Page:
Prime Minister Babiš suits the newspaper
Prime Minister Babiš sues Nový Čas magazine for damages of one million euros for publishing an interview with a former Czech agent who claims that Babiš was an informant for the Czechoslovak security police during the communist era. “He (Babiš) received money, just like everyone else,” said agent Ján Sarkocy in the interview. Babiš denies the allegations and demands in addition to the damages that the newspaper publish an apology.
President Zeman is pushing for embassy moves in Israel
The Foreign Ministry announces that the country’s honorary consultancy in Jerusalem will reopen in May. A Czech cultural center will also be opened in the city during the year. President Zeman, who was quick to support the US controversial decision in December to move the US embassy from Tel Aviv to Jerusalem, would like the Czech to follow the American example, but that is not the president’s decision. The government’s position on the matter is unclear. However, the Czech Foreign Ministry maintains the EU’s position that Jerusalem should be the capital of both Israel and a future Palestinian state.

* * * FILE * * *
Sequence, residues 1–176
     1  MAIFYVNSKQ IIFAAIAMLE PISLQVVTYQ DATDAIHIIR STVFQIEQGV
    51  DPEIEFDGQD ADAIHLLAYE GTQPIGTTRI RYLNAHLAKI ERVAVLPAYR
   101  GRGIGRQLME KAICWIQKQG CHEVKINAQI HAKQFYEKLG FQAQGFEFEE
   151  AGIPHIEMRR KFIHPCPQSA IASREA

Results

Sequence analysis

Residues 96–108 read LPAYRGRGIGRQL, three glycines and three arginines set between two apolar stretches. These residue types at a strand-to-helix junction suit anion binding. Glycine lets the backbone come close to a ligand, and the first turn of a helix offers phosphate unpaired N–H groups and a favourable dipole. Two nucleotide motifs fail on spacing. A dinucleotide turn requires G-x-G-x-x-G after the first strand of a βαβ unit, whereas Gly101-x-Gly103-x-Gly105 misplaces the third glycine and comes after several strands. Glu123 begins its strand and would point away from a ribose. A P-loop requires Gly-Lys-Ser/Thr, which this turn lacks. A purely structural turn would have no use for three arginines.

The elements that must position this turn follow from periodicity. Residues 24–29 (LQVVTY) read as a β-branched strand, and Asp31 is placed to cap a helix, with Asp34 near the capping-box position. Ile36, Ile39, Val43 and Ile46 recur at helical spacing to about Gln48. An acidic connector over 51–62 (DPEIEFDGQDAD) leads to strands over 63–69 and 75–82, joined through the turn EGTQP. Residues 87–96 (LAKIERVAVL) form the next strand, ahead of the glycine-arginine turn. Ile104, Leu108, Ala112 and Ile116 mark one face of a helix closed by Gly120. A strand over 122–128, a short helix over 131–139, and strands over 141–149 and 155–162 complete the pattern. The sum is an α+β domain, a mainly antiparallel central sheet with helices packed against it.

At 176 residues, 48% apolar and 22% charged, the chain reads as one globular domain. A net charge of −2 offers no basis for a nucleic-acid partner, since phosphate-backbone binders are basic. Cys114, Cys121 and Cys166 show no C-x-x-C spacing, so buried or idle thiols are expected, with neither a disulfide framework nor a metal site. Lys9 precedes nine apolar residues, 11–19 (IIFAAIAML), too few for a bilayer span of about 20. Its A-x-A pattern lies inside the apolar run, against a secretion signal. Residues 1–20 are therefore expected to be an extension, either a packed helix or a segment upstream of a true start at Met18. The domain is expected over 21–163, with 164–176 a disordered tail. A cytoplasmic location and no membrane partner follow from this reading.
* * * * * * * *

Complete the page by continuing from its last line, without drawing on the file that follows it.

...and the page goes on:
5,000 in protest against the government
About 5,000 people gather in Prague to protest against Andrej Babiš’s government. “We want a decent government,” the protesters scan. The head of government is accused, among other things, of cheating EU grants for millions (see September 6, 2017).
Government talks break down
Negotiations for a government coalition between Andrej Babiš party ANO and the Social Democrats (ČSSD) break down. The reason is, according to the Social Democrats, that they cannot imagine forming a coalition involving Babiš, because of the suspicions of crime against him. Babiš, for his part, says that the talks collapsed when he refused to give the Social Democrats the Interior Minister post, and thus control over the police.
The Czech Republic expels Russian diplomats
The Czech Republic has three Russian diplomas as a result of a nerve poisoning attack on a Russian former spy and his daughter in the UK in early March. It is taking place in concerted action with some 20 countries, mainly in the EU, in solidarity with the British government accusing Russia of being behind the attack. In total, over 100 Russian diplomats are expelled, 60 of whom are from the United States. Moscow denies all involvement in the poison attack and threatens with countermeasures. At the end of March, Russia replies with the expulsion of three Czech diplomats.